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Filing ITR as a Salaried Person?

Updated: Jan 4

Filing ITR as a Salaried Person?

The Income-tax returns of the financial year 2019-20 are due to be filed by 30.11.2020 for all classes of taxpayers. This is a substantial change for salaried taxpayers since every year the said due date is 31st July. This is an opportunity to file your taxes not in haste and urgency but with proper appreciation of your incomes and savings and claiming all eligible tax deductions. Taxbuddy is at the forefront of saving tax of salaried taxpayers with its mission of tax planning and saving it till the last paisa.

The computation of tax on the taxable income is a no brainer since you can do it by applying the applicable tax rates to arrive at tax payable. What is most important and worthy of your time is the correct computation of taxable income since it involves lot of legal rules and calculations in respect of different incomes, exemptions, and deductions. Taxbuddy has grouped these calculations into four broad steps and the fifth step is about tallying and verifying the computation with entries in Form 26AS so that you can be sure as to the correctness of your computation. The Form 26AS contains information about your incomes and taxes paid you as per the Government records. So, you need to tally with that record and match the numbers.

As per the Income-tax Act, the income that any person can earn in a financial year can be classified into five heads of income and they are Income from Salary, Income from house property, Income from business and profession, Income from capital gains, and income from other sources. The last head of income i.e income from other sources contains the items not covered in the earlier four heads of income. A large number of salaried taxpayers have income under three heads of income viz. Income from Salary, Income from House Property, and Income from other sources. They do not have income from business and profession and in very few instances and in one or two years they may have income from capital gains. Therefore, this blog article focuses on the computation of taxable income in respect of a large number of salaried taxpayers.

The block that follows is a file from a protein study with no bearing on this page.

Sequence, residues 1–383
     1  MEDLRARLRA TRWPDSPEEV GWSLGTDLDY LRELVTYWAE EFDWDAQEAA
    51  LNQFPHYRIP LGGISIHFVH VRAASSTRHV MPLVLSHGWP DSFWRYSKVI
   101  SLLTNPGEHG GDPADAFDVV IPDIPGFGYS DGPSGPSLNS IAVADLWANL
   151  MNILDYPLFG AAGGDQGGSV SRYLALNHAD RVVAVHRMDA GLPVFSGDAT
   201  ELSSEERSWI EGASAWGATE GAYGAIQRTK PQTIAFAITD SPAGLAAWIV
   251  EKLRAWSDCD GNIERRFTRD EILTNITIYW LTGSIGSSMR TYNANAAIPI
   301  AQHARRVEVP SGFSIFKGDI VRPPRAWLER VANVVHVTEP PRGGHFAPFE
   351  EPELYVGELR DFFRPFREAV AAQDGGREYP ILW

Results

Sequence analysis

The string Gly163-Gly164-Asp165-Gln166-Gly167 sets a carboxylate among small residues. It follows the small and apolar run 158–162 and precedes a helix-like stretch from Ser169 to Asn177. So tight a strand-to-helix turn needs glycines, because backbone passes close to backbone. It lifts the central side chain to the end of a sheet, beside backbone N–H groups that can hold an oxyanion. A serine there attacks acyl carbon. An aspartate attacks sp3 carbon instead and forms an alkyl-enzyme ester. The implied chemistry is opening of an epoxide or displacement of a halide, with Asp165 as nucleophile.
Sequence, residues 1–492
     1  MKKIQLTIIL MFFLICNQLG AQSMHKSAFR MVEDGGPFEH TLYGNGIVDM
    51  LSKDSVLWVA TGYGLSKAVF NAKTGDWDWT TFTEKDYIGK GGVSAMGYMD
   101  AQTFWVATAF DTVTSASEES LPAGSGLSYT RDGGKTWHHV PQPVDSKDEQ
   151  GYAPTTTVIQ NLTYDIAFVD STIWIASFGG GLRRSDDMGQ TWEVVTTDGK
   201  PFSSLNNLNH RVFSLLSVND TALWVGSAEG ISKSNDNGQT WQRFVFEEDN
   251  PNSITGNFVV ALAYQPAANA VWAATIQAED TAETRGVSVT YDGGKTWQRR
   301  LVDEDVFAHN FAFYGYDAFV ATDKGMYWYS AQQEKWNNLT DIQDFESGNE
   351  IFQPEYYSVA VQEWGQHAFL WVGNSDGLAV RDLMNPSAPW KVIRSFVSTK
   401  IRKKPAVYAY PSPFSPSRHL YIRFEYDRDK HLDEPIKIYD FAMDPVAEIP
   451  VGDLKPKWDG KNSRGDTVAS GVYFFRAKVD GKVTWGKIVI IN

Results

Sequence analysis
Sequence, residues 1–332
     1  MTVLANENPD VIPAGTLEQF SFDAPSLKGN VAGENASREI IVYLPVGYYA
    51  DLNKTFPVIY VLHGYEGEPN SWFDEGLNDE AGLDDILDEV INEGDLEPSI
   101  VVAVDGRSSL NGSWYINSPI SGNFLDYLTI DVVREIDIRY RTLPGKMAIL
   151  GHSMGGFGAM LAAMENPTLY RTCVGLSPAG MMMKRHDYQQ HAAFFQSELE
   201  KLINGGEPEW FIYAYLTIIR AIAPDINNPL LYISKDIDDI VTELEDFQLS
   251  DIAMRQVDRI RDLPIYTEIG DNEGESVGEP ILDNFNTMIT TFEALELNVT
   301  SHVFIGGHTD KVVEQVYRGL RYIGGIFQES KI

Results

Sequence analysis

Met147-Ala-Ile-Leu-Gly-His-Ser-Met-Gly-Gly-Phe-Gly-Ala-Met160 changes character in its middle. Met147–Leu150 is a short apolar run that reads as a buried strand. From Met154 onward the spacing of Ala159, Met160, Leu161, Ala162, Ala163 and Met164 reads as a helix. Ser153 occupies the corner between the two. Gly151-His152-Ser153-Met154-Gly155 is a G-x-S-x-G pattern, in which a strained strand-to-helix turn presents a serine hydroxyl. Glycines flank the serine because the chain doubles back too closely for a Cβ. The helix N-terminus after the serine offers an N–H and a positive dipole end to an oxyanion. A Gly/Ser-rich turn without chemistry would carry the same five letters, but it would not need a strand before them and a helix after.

The documents needed for the exercise Before you sit down to compute your taxable income, you must have few documents ready with you for reference and cross-reference. These documents are few and fortunately accessible through the internet or saved on your computer smart-phone.

These documents and their sources are:

Step wise computation of taxable income

Once you have these documents ready for computation taxable income can be computed in a stepwise manner as under.

Income from your salary Go through your Form 16, check every head of it carefully. Here is the guide on how to check Form 16. Please confirm your income shown in form 16 with a hat shown in payslips. Often the taxable income in Form 16 is computed on a higher side since the tax-free incomes are not computed with tax-saving in mind but not to miss out on TDS deduction. We have found that Form 16 computes HRA and other allowances incorrectly on a higher side. Please check your income from salary computed under different sub-sections like 17(1), 17(2), and 17(3). Basically, Form 16 is an aggregate of all the payslips of the financial year. Please check that aggregate amounts of various heads of salary and allowances in payslips and Form 16 tally with each other. Further, you must cross-verify the various amounts paid to you by your employer shown in Form 16 with those shown in Form 26AS. Last but not the least, the amount of TDS shown to be deducted in Form 16 must match with the amount in Form 26AS. Taxbuddy has prepared a complete guide on the topic of income from salary. This can be accessed here.